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The DC Circuit affirmed the district court's grant of summary judgment in favor of the Office of Foreign Assets Control and the Department of state in an action alleging disclosures of plaintiff's personal identifying information in violation of the Privacy Act. The court held that plaintiff's personal identifying information was released pursuant to a valid routine-use notice. In this case, the release of the information was compatible with the purpose for which the information was collected. The court explained that the purpose for collecting plaintiff's identifying information – to investigate whether to designate him for economic sanctions and to implement the sanctions – was precisely aligned with the purpose of disclosure – to implement the sanctions by publishing the information to the public. View "Chichakli v. Tillerson" on Justia Law

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This case stemmed from the district court's issuance of an injunction ordering the Secretary of the United States Department of the Treasury to provide meaningful access to paper currency to visually impaired individuals by the next time the Treasury Department released redesigned banknotes. At issue are the next redesigns, which will fall between 2026 and 2038. Plaintiffs asked the district court to modify the injunction to hold the Secretary to an earlier deadline for providing meaningful access to currency. The DC Circuit reversed the district court's decision declining to modify the injunction and remanded for the district court to better support its findings supporting its denial of modified injunctive relief. View "American Council of the Blind v. Mnuchin" on Justia Law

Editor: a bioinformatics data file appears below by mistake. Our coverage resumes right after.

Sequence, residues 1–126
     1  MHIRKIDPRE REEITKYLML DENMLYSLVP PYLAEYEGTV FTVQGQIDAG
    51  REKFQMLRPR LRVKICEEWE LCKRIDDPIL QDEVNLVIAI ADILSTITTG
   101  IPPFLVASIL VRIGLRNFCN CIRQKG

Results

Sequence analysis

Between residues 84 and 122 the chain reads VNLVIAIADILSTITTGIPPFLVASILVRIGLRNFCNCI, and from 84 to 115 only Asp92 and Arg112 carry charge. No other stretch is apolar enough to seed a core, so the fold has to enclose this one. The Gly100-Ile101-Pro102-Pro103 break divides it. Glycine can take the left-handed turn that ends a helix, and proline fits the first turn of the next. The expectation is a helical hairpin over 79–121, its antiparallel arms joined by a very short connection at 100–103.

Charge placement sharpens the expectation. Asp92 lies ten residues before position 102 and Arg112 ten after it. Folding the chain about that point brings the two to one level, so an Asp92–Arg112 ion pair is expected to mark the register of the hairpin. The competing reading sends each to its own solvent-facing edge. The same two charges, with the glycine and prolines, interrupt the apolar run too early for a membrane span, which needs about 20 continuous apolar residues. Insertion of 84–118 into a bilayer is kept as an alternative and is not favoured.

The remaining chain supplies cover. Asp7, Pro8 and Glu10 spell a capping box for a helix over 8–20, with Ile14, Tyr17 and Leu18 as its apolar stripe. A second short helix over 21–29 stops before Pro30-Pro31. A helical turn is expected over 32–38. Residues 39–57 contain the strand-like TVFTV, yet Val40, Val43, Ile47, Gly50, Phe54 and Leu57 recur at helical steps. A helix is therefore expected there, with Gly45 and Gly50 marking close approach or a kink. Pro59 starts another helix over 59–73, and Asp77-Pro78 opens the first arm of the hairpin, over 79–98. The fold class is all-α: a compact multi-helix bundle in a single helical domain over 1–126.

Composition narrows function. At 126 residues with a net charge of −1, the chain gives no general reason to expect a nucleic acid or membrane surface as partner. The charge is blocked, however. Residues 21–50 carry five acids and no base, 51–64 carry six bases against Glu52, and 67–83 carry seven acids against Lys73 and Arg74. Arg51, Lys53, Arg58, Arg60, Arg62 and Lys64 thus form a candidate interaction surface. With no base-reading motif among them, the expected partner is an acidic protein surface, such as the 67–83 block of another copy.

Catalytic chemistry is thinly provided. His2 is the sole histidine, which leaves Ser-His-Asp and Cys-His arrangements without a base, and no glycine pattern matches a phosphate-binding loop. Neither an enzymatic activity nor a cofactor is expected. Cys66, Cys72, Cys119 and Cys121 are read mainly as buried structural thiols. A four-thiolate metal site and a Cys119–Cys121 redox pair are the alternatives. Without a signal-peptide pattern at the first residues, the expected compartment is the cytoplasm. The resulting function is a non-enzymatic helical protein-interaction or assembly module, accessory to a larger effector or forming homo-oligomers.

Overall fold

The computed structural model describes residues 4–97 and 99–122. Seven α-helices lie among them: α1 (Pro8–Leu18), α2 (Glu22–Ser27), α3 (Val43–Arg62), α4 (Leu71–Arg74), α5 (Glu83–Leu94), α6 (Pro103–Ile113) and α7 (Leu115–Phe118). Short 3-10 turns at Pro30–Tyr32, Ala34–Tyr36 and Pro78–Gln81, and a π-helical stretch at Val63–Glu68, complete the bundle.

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President Trump, by executive order issued in May 2017, established the Presidential Advisory Commission on Election Integrity. EPIC filed suit against the Commission and others, alleging violations of the Administrative Procedure Act and sought a preliminary injunction to prohibit defendants from collecting voter data unless and until they complete a privacy impact assessment as allegedly required by the E-Government Act of 2002. The district court concluded that EPIC had standing and denied a preliminary injunction. The DC Circuit affirmed, but based on a different conclusion than that of the district court. The court upheld the denial of preliminary injunction because EPIC did not show a substantial likelihood of standing to press its claims that defendants have violated the E-Government Act. In this case, EPIC has suffered no informational or organizational injury. View "Electronic Privacy Information Center v. Presidential Advisory Commission on Election Integrity" on Justia Law

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Plaintiffs filed suit challenging the constitutionality of the Federal Election Campaign Act's (FECA), 52 U.S.C. 30116(a)(1)(A), base limits on individual contributions to candidates. The DC Circuit rejected plaintiffs' challenge to Congress's decision to fashion FECA's base contribution limits for individuals as per-election ceilings. The court explained that the Supreme Court in Buckley v. Valeo, 424 U.S. 1 (1976), rejected a constitutional challenge to those ceilings, and that holding remains undisturbed. The Supreme Court reasoned that, as long as a contribution limit is not so low as to prevent candidates from mounting effective campaigns, the judiciary would generally defer to Congress's determination of the limit’s precise amount. The court concluded that the same was true of Congress's intertwined choice of the timeframe in which that amount may be contributed. View "Holmes v. FEC" on Justia Law